An American in Shanghai: Unexpected Lessons On Self-Reliance, and Humanity and China’s Budding Democracy

  I recently returned from a three-week class in Shanghai calledGlobal Studies of the Human Body, Mind, and Nature.” The idea behind the class was to explore Chinese culture, healthcare, education, and literature in a cultural immersion setting. I definitely experienced all these ideas I was supposed to learn, but I also learned new ideas accidentally.


(Pictured above: ECNU celebrates 60 years of educating and empowering young Chinese)

Nine students and an instructor accompanied me. We studied at East Normal China University most weekday mornings from about 8:30-12:00. I did a lot more walking on campus than usual, because of the way it was set up and because we had no other kinds of transportation available.


  (Pictured above: Rows and rows of bicycles can be seen on different parts of campus as well as in the city proper, demonstrating a very popular way of transportation in such a densely populated area.)


(Pictured above: One of the lovely views on campus. The implementation of gardens in the city was a beautiful and peaceful distraction, and one of the topics we studied in class. Shanghai’s contrasting landscapes continued to surprise me on a daily basis—every day was a new discovery.)

Some of the views we were privy to I found breathtaking, while others were sad examples of those who were in need. There seemed to be no separation of the “good” and “bad” side of town, and there also seemed to be very little evidence of “middle class.”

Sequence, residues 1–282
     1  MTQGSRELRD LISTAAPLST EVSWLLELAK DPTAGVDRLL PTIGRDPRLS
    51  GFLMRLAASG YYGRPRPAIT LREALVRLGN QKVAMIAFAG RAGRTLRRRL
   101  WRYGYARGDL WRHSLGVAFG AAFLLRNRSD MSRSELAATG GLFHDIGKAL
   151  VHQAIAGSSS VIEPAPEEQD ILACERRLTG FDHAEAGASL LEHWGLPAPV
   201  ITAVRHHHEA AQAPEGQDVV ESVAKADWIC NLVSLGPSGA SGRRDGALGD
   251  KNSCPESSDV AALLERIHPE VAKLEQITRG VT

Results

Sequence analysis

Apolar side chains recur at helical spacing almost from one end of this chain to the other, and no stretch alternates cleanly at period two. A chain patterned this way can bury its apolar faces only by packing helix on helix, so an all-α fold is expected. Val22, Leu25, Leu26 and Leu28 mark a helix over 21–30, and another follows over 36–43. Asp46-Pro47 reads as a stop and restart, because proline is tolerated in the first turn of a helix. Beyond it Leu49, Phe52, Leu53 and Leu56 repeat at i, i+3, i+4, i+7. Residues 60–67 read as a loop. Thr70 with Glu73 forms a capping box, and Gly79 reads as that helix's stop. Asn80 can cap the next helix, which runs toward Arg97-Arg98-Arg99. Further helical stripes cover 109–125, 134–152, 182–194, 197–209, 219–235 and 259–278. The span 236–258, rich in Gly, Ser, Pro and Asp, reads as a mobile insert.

(Pictured above: A view from the education building we studied in Monday-Friday. The landscape in Shanghai is both diverse and unpredictable. At once, the city of Shanghai equally represents both squalor and magnificence. Pictured below: a view from our dorm window.)



(Pictured above: The Bund)

   During the week, we attended class and learned from various instructors on campus. We experienced authentic Chinese cuisine and attempted to communicate with the staff. At first we went everywhere with Dr. Wu, but slowly we became more independent and ventured into the city on our own.

Among the things we learned, traveling throughout the city without speaking the language was challenging and fun. Before our trip was finished, we had walked, hailed taxis, ridden busses, and taken subways all over the area. Our last day in Shanghai, we enjoyed feet massages in the city and High Tea at the Renaissance Hotel downtown.


(Pictured: a view from the 23rd floor of the Renaissance Hotel in downtown Shanghai)


(Pictured above: a bridge on campus that led to the entrance of the school.)


(Pictured above: students using the subway)


 (Pictured above: Part of the group at our first lunch in Shanghai. Dr. Wu ordered for us because we had no idea what to eat!)


(Pictured above: delicious green tea)


(Pictured above: One of my favorite dishes. I don’t know the names of everything pictured but I loved the roasted eggplant, bok choy, carrots and especially the dumplings!)

The Chinese and Transcendentalism

            In addition to daily life lessons in Chinese culture and education we were assigned, I was perhaps even more fascinated by the unexpected topics that surfaced on their own.


(Pictured above: the gates of East China Normal University)

            For instance, one of my favorite days on the trip (as well as my favorite learning experience) was the day we visited an Early American Literature class on campus. The topic of the day was Thoreau, Emerson and Transcendentalism. This was one of the unexpected topics I stumbled upon. Having taken extensive classes on these topics here in Texas, I was anxious to see how the Chinese would approach some of the ideas I perceived that might be considered “hot topics” for them, for example, the idea of Self-Reliance.